But it was President Richard Nixon who sealed the deal with Southern whites in the 1968 election with his Southern strategy of going after that disaffected electorate. President Lyndon B. Johnson had predicted such an outcome when he said that the Democratic Party’s support of civil rights meant the loss of the South for a generation. In fact, it has lasted longer, with no end in sight, trapping Republicans nationally within their stronghold of the South, as African Americans, aligned with Latinos and others, become more dominant in electoral politics.


As the nation’s population becomes majority nonwhite, it is scaring the daylights out of many whites, especially older and aging men—many of whom make up Trump’s base and have not gotten over the election of the first African-American president. Dominant since the birth of the nation, they see their status seriously threatened, and they’re none too happy. Meanwhile, Republicans have tried, and failed spectacularly, to appease them.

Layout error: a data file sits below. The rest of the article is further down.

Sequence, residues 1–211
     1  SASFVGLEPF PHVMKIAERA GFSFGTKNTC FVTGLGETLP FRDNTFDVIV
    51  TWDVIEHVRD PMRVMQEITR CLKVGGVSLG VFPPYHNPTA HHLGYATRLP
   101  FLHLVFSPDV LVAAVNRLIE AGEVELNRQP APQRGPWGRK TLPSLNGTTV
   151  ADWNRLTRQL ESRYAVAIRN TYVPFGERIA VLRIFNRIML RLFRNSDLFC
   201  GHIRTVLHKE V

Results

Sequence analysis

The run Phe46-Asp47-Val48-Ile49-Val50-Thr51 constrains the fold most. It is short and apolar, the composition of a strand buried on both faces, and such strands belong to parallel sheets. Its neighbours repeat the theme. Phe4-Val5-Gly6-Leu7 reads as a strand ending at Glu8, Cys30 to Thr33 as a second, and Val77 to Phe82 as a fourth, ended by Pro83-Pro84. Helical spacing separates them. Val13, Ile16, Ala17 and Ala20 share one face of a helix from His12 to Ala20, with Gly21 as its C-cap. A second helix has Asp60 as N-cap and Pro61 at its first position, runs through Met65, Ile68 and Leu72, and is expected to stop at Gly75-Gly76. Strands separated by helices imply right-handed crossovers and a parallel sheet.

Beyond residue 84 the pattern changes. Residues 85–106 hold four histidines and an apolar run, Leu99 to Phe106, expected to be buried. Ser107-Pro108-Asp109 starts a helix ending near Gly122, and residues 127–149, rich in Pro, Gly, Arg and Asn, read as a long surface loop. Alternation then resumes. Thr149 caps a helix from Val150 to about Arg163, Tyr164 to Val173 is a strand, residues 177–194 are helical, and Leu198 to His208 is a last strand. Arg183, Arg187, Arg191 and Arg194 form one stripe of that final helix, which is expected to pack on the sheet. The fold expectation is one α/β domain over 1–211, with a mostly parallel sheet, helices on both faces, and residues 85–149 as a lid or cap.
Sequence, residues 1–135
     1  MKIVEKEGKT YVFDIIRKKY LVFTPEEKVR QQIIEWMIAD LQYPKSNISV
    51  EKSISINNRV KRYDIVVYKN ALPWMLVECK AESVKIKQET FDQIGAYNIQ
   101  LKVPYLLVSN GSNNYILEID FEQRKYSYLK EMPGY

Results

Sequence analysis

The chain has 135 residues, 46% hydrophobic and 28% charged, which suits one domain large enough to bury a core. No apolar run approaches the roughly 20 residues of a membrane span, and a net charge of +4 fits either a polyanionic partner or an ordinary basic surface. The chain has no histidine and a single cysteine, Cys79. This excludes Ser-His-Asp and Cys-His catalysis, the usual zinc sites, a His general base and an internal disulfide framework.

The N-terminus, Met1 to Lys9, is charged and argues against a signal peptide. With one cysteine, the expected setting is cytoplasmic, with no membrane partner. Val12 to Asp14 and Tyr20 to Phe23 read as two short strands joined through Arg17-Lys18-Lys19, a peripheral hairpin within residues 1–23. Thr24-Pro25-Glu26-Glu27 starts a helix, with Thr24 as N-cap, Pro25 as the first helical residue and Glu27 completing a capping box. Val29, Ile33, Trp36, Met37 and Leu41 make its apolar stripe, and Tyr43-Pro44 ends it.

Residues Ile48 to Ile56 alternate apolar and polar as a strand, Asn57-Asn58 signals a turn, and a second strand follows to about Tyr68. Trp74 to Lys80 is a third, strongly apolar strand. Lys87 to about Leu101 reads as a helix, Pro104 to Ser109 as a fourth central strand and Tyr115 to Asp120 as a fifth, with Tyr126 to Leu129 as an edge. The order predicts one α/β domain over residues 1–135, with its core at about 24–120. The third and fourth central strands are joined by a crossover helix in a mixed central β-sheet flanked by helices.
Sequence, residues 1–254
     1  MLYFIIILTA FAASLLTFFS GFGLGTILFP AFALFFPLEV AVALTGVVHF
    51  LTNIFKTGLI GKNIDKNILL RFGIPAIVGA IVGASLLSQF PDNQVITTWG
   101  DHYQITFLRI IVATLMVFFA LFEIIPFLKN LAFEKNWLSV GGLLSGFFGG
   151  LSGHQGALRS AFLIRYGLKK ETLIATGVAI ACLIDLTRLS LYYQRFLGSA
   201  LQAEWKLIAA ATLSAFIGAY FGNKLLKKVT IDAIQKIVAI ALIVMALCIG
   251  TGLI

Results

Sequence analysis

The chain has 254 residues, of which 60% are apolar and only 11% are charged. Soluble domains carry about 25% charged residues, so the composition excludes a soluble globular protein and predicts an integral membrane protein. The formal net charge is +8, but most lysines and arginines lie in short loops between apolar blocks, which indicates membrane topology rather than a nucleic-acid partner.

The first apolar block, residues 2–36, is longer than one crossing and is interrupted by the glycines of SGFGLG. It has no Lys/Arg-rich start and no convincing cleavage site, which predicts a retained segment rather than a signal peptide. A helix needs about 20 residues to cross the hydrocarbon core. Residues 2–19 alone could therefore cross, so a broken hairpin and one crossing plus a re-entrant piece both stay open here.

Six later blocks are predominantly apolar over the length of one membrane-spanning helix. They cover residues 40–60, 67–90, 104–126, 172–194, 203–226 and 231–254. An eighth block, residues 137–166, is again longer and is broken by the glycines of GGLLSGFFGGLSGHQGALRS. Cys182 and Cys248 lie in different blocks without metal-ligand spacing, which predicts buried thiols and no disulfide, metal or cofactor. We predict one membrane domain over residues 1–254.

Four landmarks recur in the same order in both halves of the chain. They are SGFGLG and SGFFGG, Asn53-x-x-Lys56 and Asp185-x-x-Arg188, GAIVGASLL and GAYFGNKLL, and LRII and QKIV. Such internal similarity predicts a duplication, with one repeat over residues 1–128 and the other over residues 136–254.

In 2009, Republican Senate Majority Leader Mitch McConnell of Kentucky said that he would work to see that Barack Obama was a one-term president. Of course, that did not happen, and now the Republican base has turned to a new savior, a new hope, in the form of Donald Trump, who is promising to “make America great again.”  

But the anger goes beyond race. In the GOP’s focus on the Southern strategy, it neglected the uncertain economic conditions that were also responsible for sending white anger to the boiling point. By feeding its voters nothing but culture wars and dog whistles, while rewarding big business at the base’s expense, the party’s establishment has crafted a nightmare that has left the very future of the Republican Party in jeopardy. In an us-vs.-them scenario, party honchos and establishment supporters are pitted against the angry masses in a battle royal, with Trump as the chief beneficiary of the tumult.